Go East Young Man: Asian Hedge Funds Steal the Spotlight
Not to be outdone by their U.S. and European counterparts, Asia-focused hedge funds are having a bit of resurgence this year, with over $3 US billion of new capital being allocated in the second quarter, according to HFR.
15 August 2013
Not to be outdone by their U.S. and European counterparts, Asia-focused hedge funds are having a bit of resurgence this year, with over $3 US billion of new capital being allocated in the second quarter, according to HFR. While still relatively a small part of the overall hedge fund pie, assets under management (AUM) have risen steadily since the financial meltdown, with industry assets of just over $98 US billion, within striking distance of the high watermark of $111 US billion set in 2007. There are a number of factors in play here driving allocations:
- The outperformance of the Japanese stock market has attracted much attention as the Bank of Japan (BOJ) embarked on their own version of quantitative easing (QE) earlier this year, boosting equity returns (the Nikkei is up over 30% YTD). However, an increase in volatility has accompanied the market’s rise, potentially making investors nervous. Equity long/short managers (of which most of the capital has gone to) provide a risk-adjusted return profile that investors may feel more comfortable with in light of said volatility.
- The Chinese market is not the golden darling it once was (the Shanghai index is down – 4.3% YTD). Being long beta in China is no longer a safe bet with trading and investment skill, now more than ever, required to navigate those markets.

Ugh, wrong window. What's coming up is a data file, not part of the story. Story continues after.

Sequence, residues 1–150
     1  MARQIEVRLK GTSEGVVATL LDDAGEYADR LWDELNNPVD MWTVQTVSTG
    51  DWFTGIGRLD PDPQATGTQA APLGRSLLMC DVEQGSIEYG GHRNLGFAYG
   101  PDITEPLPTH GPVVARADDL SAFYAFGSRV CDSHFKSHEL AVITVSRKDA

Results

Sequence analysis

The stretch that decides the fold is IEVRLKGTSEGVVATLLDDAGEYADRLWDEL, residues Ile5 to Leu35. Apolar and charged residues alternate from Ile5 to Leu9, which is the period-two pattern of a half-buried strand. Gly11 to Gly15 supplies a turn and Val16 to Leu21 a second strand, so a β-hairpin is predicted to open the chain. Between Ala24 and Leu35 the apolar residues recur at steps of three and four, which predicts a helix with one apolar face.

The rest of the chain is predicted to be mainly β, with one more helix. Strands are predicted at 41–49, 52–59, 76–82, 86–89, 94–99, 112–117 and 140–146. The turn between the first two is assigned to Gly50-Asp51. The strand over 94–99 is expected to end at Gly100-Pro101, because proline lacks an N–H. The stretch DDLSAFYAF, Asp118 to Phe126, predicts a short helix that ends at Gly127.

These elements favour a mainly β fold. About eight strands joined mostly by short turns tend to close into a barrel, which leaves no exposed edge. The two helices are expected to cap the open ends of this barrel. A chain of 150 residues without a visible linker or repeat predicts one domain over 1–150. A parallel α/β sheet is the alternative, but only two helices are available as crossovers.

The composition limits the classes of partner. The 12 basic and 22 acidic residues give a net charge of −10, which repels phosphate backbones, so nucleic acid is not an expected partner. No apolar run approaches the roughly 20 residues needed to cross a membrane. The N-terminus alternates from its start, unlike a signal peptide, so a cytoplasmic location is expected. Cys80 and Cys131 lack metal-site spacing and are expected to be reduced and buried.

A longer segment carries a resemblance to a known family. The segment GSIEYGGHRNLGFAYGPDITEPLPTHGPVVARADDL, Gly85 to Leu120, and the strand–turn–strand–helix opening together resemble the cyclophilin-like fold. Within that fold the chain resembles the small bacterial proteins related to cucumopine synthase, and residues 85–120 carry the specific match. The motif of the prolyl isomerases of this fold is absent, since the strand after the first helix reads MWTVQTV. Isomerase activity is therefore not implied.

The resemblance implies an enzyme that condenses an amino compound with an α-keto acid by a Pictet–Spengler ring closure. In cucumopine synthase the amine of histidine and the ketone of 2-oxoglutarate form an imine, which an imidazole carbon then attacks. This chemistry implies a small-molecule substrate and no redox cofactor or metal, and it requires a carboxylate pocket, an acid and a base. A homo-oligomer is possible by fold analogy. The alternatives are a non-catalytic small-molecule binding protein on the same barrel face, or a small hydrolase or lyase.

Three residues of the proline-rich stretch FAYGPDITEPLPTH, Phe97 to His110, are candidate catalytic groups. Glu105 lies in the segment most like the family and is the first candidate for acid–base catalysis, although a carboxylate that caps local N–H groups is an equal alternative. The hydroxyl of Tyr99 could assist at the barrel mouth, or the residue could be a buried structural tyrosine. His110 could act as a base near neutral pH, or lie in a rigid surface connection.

- Like other investors around the world searching for yield, conservative Asian pension funds and insurance companies that hold the majority of their assets in fixed income may have started to re-allocate to other low-vol/hedged strategies for better risk-adjusted performance.
- As investors continue to look for sources of uncorrelated returns, they are beginning to realize that there is a lack of alpha-generating opportunities in the western markets with too much capital chasing too few ideas. Asian markets can provide unique investment ideas within fairly liquid markets.
After many years of steady but non-spectacular growth, the Asian hedge fund market may finally have found its place in the spotlight, driven by economic, political and market forces that present compelling opportunities for institutional investors. Like their western counterparts, Asian hedge fund managers will need to recognize the importance of establishing an institutional-quality infrastructure to attract institutional-quality assets.